1. Running a veterinary practice is expensive, and the economy is slowly climbing out of the toilet.
Practice owners always talk about how it’s so expensive to run the business and times are tough. (Insert eye roll. They also walked 10 miles to veterinary school uphill—both ways—right?) Is it just an excuse? Not really.
Fact check: It is expensive to run a practice and times really are tougher than before. For every dollar that comes into the practice, about 10 cents is left over after your boss pays all normal and necessary expenses.
That 10 cents—or 10 percent of what comes in—must pay for everything else: new equipment, additional team members, a return on investment for the owner, upgrading the building, raises and more.
You may still want—and deserve—to be paid more. But it’s more productive to focus on how your contributions can make the practice stronger and make it easier for the owner to pay you more.
So now you’re thinking, “I get it. Show me the money!”
2. But are you sure you’ve got the skills to pay the bills?
Be honest with yourself. What are you bringing to the table? Use this quick self-test:
1. If the other technicians in the practice make more, is it because they can all perform dentals and monitor anesthesia better than you can? Are the receptionists or managers taking on more responsibilities in areas including client care and practice marketing?
2. What kind of ratings do you get for technical performance on your performance evaluation?
3. Can you perform all the duties on your job description well?
Even if you don’t have a recent performance evaluation or job description, compare yourself to others and to what you are expected to do regularly. If your skills aren’t as strong as others, use these steps:
> Ask for additional training.
> Come in on your day off and shadow someone.
> Seek opportunities to practice your skills during your scheduled shift.
So we get it. You’ve got the skills. It must be your boss, right?
3. Perhaps your boss doesn’t know the going rate for your job.
Sometimes practice owners are clueless. They don’t realize how much pay scales have changed since they opened the practice a billion years ago. But don’t just assume that’s what’s going on based on one conversation you have with Susie over at ABC Animal Clinic, where the sun always shines and the pets poop rainbows that smell like roses. Do some research. Gather information from compensation surveys, such as the 2015 Firstline Career Path Study, and from local veterinary technician schools. Then review your findings with your bosses. Ask them to consider the data you’ve gathered, respectfully point out the harm low pay can cause the practice and discuss how you’re contributing to the practice’s success.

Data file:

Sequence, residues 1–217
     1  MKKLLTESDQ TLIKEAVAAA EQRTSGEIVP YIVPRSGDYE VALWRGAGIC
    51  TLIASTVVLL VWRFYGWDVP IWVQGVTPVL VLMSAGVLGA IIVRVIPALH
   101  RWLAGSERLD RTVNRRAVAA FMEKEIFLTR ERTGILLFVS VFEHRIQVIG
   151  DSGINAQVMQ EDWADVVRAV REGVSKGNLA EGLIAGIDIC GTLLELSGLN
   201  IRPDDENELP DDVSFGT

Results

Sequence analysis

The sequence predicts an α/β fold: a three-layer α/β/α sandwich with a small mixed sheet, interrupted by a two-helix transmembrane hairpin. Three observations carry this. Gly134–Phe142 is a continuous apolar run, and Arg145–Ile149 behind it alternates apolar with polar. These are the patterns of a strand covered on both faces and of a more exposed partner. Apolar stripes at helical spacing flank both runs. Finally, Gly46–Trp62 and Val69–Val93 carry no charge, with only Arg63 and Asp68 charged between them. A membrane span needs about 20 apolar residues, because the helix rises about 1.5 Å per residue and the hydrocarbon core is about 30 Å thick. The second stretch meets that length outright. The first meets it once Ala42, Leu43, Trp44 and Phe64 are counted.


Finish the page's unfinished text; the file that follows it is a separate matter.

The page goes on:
Sure, it’s all your boss’s fault. Unless ...
4. You’re regularly late to work, you’re the first to complain and you run out the door three minutes before your shift ends.
Uncross your fingers and answer these questions:
> Do you show up for work a few minutes early, get your coffee and you’re ready to go when your shift starts? Or are you regularly late because you can’t find your car keys, your teenager won’t get out of bed and your alarm clock’s been busted for the last decade?
> When you finish your specified job duties, do you stand around and chat about the latest episode of Bachelor in Paradise (Joe is such a dog, how could he and Samantha do that to poor Juelia?!) or do you look for other ways to pitch in around the practice?
> When your coworker Kelly’s being an arse, do you try to work it out with her or do you flounce away and complain to your owner about how your practice needs Kelly like a fish needs a bicycle?
Your bosses want employees who make their lives easier and build the business. They don’t want employees who act like they belong in the McDonald’s Playplace. And they aren’t going to pay the entitled 5 year olds nearly what they will pay the team members with better attitudes and better work ethics.
If you have a little niggling feeling this might be you, fix it. It may take a while for your boss to notice the 2.0 version of you, but it will pay off in the long run.
But really, we’re pretty sure it’s your boss’s fault. Maybe.
5. Because your boss may not see how much you do for the practice.
Sometimes your bosses have so much on their plates that they just don’t notice who does what or how much you really contribute. So it’s important to brag a little, in a professional and not obnoxious way.
For example, if you had a spare 15 minutes and cleaned out the dark corners of the food room, tell your boss: “I rearranged the food in the back of the food room, and I found some torn bags. Can we return these? And could we get some pallets to put the food on so next time we don’t have this problem?”
Comments like this are low key, but they highlight your efforts and offer some helpful suggestions for the future.
A final thought: When you do have a meeting with your boss about your performance or raise, come prepared with a list of the things you’ve done that went beyond your job duties. This way you have concrete examples of your efforts to build the business.